I had loved skiing as a child living in Canada and the speed, freedom and perfection of flying over snow still beckon to me from that time. But apart from a few forays on freezing Scottish mountains, I hadn't been on skis since. Would I be able to recapture the easy exhilaration I remembered, or had those days gone for ever? As the lift took us higher and higher above slopes called "Shin Cracker" and "Nightmare", I thought of broken bones, I thought of my children (mostly at home in England), and I thought of taking my skis off and walking down the mountain through the trees. After all, who would ever know?

The first run was a graceless ordeal, and by the end of it my knees were trembling. The snow surface, raked and then rained upon, was like crinkle- cut crisps; my skis clattered and shook in sympathy with my legs.

"Hi! Have another go!" shouted the lift attendants, as I reached the safety of level ground. The second run was better, and the third better than that. Gradually I progressed from power-snowplough into what used to be called the "stem christie", and by the end of the day I could get down the intermediate-level slopes in a series of acceptable swishes.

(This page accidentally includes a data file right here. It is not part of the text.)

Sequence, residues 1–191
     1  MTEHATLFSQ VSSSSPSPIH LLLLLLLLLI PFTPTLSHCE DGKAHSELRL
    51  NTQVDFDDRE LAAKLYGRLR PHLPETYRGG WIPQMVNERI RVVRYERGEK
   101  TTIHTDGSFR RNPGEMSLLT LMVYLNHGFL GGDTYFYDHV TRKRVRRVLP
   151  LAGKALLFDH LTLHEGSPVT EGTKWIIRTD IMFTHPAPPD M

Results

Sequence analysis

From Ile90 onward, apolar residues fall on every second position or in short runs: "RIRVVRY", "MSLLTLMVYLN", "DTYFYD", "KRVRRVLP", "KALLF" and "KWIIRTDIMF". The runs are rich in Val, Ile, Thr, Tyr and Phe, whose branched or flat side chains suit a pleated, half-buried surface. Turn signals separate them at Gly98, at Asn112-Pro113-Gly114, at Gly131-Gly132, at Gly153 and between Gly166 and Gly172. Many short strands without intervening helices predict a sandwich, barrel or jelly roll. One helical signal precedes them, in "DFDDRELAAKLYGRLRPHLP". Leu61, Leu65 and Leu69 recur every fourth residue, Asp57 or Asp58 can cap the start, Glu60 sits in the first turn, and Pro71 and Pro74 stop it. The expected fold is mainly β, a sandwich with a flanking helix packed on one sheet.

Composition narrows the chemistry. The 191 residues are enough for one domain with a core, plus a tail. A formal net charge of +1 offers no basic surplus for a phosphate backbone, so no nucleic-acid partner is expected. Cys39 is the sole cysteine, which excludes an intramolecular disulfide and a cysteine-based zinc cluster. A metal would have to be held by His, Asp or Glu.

And once the initial fear had gone, I could take in the view: a giant sweeping panorama of low, forested hills backed by range after range of impressive, snow-capped mountains. Straight ahead stood Stratton Mountain, a lofty peak streaked with white.

As it got dark I went to collect our toddler, who was happily playing with Lorraine, who has run Bromley's daycare centre for 27 years. She now looks after the children of children who came to her back in the Sixties - when I learned to ski. The sport is far more accessible now, she believes. Local schoolchildren come to Bromley to learn to ski once a week, and the sport is a valuable source of jobs for Vermont's young people.

The other dramatic change has been the advent of snowboarding, which threatens to make skiing a sport for old fogies. Lorraine still skis regularly. But that is not good enough for her young colleagues at Bromley, who are always nagging her to take up snowboarding. They don't realise, she says, that bruises last longer when you get older.